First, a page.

When you write your dissertation, it is very important to remember that it does not have to be a world-class piece of work. 'Good enough' is a very important concept. Also, keep plugging away at the thesis and all will work out well. When you get lost, or bored, or scared what the dissertation will look like, and if you're going in the right direction (we all do!), read a bit more and talk to people to get ideas. And talk to your supervisor. S/he is being paid to help, not to leave you alone.
ELTNEWS
I believe you're a fan of the Manchester United soccer team. So no doubt you're familiar with the David Beckham craze that started in Japan during the World Cup and has only recently cooled off. The young women unashamedly swooning over the English star form the very core of the English conversation school market. Do you see a relationship between the attraction of such foreign "idols" and the unfaltering demand to learn English?
Rob
I certainly hope not. I see the two as co-incidental because there are millions who swoon over David Beckham who can hardly say hello and would never even step foot in a conversation class if you paid them. And I certainly hope that the swooning girls do not come to my class just so they can dream of David Beckham. I'd prefer they had a more positive reason for learning English. After all he is already married!

Although most Japanese people do not need English, and 20 years from now they will not need English in their daily lives, I have met very few Japanese who would not like to be able to speak it. But the vast, vast majority are not willing to invest time, effort and energy to do so. Mostly because they don't need to. The unfaltering demand to learn English comes mostly from need or dreams.

Most people need English to pass a test, get a license, get a better job and to dream of one day being able to have conversations with people in English and understand movies in the original. Others feel that learning English gives them a form of escapism from their ordinary lives and gives them hope they will be able to leave Japan one day.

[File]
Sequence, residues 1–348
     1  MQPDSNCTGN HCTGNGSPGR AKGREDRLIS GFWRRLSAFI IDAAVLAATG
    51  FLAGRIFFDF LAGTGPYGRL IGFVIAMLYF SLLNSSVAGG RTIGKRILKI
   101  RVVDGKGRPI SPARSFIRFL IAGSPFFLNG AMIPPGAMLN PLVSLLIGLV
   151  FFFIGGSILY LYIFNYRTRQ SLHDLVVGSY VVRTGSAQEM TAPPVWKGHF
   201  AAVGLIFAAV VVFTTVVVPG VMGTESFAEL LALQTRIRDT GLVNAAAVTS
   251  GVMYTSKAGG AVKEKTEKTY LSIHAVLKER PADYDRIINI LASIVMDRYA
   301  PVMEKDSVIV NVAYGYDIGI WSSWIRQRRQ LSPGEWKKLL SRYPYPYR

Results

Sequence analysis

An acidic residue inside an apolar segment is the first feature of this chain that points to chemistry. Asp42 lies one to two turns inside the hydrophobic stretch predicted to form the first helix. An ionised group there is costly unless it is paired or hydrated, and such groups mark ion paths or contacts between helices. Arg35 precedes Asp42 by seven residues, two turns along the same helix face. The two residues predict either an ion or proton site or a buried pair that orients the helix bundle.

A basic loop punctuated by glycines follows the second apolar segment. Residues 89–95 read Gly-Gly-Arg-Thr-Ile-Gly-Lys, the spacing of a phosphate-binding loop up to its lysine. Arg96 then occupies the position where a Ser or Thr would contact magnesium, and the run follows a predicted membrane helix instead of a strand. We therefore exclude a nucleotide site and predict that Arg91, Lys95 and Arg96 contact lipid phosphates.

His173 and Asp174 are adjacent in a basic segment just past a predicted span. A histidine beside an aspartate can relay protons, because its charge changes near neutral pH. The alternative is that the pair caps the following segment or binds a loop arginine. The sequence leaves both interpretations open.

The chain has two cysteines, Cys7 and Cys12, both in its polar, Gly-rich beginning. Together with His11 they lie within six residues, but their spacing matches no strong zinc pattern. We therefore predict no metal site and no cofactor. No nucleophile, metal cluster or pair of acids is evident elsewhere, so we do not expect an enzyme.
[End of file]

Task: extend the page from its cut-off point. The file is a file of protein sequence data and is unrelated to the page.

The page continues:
On a more personal level

ELTNEWS
Many of our readers are no doubt unfamiliar with Okayama, the area where you live and teach. Tell us a little about the area and life there.
Rob
I have lived in Osaka, Kobe and Okayama. By far and away I prefer Okayama. The roads are clearer, the sea, the mountains are nearby (at the back of my house actually which is 10 minutes from the Shinkansen) and the pace more relaxed and less frenetic than Tokyo or Kansai. No, the food isn't any fresher out in the countryside! That said I'm lucky enough to travel every month or so out of Okayama and if I need the 'big city excitement' I can get it then.
ELTNEWS
You have a young child. Do you have any qualms about putting her through the Japanese education system?
Rob
My 8 year old daughter is doing well at school here. We have no great ambitions for her to follow me into academia, but to let her find her own way. Today she said she wants to be an English Garden Designer like her mum. But tomorrow ...

We have a house rule that my Japanese wife, myself and Mariko all speak English when daddy is home. This is good for her English, but not so good for her acculturation to Western things and ways of thinking. For example I doubt she could name one famous non-Japanese singer, know who the Queen of England is, or have any idea about the capital of Australia. Her thought patterns are very strongly Japanese, too. So I hope in a year's time or so we can send her to the UK or Australia for a year. She had a year in the UK when she was 4 which was great for her.

I'm not particularly worried about the Japanese education system if she has the right attitude. And if she has the right teacher who can manage the troublesome kids and expand her mind. She has yet to find anything that sets her on fire (apart from Harry Potter which we listen to in the car everyday), but she is still only 8.
ELTNEWS
Where do you see yourself in five years time?
Rob
Sitting at this same computer.